I was saying, is monarchy exercising the rule of a master over the political society; oligarchy is when men of
property have the government in their hands; democracy, the opposite, when the indigent, and not the men of
property, are the rulers....Then ought the good to rule and have supreme power? But in that case everybody else,
being excluded from power, will be dishonored…

Book VII:
Now it is evident that the form of government is best in which every man, whoever he is, can act best and live
happily....If we are right in our view, and happiness is assumed to be virtuous activity, the active life will be the best,
both for every city collectively, and for individuals. In what remains the first point to be considered is what should
be the conditions of the ideal or perfect state; for the perfect state cannot exist without a due supply of the means of
life...In size and extent it should be such as may enable the inhabitants to live at once temperately and liberally in the
enjoyment of leisure…
Let us then enumerate the functions of a state, and we shall easily elicit what we want: First, there must be food;
secondly, arts, for life requires many instruments; thirdly, there must be arms, for the members of a community have
need of them, and in their own hands, too, in order to maintain authority both against disobedient subjects and
against external assailants; fourthly, there must be a certain amount of revenue, both for internal needs, and for the
purposes of war; fifthly, or rather first, there must be a care of religion which is commonly called worship; sixthly,
and most necessary of all there must be a power of deciding what is for the public interest, and what is just in men's
dealings with one another. These are the services which every state may be said to need. For a state is not a mere
aggregate of persons, but a union of them sufficing for the purposes of life; and if any of these things be wanting, it
is as we maintain impossible that the community can be absolutely self-sufficing. A state then should be framed with
a view to the fulfillment of these functions. There must be farmers to procure food, and artisans, and a warlike and a
wealthy class, and priests, and judges to decide what is necessary and expedient…

Since every political society is composed of rulers and subjects let us consider whether the relations of one to the
other should interchange or be permanent. For the education of the citizens will necessarily vary with the answer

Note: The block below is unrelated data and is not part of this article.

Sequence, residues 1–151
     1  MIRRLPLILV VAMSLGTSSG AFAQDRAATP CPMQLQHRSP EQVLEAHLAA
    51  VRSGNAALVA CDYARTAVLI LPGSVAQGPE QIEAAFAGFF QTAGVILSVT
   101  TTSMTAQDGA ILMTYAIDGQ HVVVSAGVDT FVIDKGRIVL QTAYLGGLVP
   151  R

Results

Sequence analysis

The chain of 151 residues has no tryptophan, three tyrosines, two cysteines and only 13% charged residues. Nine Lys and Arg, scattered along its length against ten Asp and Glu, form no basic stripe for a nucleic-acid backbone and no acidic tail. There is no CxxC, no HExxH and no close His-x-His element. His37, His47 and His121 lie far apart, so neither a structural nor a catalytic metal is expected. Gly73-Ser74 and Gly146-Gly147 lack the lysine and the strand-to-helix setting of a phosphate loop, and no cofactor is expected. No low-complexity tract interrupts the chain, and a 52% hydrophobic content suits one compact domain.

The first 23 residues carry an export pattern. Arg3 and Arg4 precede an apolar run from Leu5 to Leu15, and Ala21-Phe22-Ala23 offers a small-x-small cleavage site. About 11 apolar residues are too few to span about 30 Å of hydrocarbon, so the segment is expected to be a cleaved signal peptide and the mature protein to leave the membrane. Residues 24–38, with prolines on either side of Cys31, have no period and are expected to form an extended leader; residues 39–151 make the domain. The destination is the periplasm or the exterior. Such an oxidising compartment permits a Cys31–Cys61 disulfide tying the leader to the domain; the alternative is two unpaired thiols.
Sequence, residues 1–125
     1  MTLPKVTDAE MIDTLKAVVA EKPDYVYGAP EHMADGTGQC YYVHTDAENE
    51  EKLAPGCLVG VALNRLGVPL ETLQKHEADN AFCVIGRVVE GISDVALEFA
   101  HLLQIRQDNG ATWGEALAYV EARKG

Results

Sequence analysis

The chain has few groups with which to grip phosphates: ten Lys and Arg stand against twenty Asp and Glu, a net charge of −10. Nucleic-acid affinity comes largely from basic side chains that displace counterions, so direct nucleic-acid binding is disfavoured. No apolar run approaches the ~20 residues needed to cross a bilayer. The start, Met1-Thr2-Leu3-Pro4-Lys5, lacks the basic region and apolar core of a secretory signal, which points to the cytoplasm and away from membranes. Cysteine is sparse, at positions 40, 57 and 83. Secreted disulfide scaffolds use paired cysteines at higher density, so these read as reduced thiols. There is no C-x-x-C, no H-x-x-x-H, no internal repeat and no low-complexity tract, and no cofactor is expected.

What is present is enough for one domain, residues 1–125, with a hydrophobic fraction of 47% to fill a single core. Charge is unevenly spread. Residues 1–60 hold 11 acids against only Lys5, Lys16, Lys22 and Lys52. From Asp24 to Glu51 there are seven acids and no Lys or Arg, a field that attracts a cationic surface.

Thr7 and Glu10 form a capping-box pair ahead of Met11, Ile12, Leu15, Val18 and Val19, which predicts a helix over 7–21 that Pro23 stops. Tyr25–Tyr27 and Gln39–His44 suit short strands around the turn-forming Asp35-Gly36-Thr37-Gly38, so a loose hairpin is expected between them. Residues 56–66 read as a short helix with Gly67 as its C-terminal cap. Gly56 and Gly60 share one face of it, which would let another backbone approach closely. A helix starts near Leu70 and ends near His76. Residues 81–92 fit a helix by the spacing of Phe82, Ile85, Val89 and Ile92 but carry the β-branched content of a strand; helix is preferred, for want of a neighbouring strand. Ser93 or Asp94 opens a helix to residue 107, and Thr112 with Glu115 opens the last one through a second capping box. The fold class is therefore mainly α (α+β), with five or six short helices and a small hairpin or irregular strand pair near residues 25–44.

given to this question. Now, if some men excelled others in the same degree in which gods and heroes are supposed
to excel mankind in general, so that the superiority of the governors was undisputed and patent to their subjects, it
would clearly be better that the one class should rule and the other serve. But since this is unattainable, and kings
have no marked superiority over their subjects…, it is obviously necessary on many grounds that all the citizens
alike should take their turn of governing and being governed. Equality consists in the same treatment of similar
persons, and no government can stand which is not founded upon justice....

Book VIII:
The citizen should be molded to suit the form of government under which he lives. And since the whole city has one
end, it is manifest that education should be one and the same for all, and that it should be public, and not private.
Neither must we suppose that any one of the citizens belongs to himself, for they all belong to the state, and are each
of them a part of the state, and the care of each part is inseparable from the care of the whole. The customary
branches of education are in number four; they are---(1) reading and writing, (2) gymnastic exercises, (3) music, to
which is sometimes added (4) drawing. Of these, reading and writing and drawing are regarded as useful for the
purposes of life in a variety of ways, and gymnastic exercises are thought to infuse courage. Concerning music a
doubt may be raised.---in our own day most men cultivate it for the sake of pleasure, but originally it was included
in education, because nature herself, as has been often said, requires that we should be able, not only to work well,
but to use leisure well; for, what ought we to do when at leisure? Clearly we ought not to be amusing ourselves, for
then amusement would be the end of life. But if this is inconceivable, we should introduce amusements only at
suitable times, and they should be our medicines, for the emotion which they create in the soul is a relaxation, and
from the pleasure we obtain rest.....

From: Thatcher, ed., Vol. II: The Greek World, pp. 364-382; The Politics of Aristotle, trans. Benjamin Jowett, (New York:
Colonial Press, 1900)
Scanned by: J. S. Arkenberg, Dept. of History, Cal. State Fullerton. Prof. Arkenberg has modernized the text.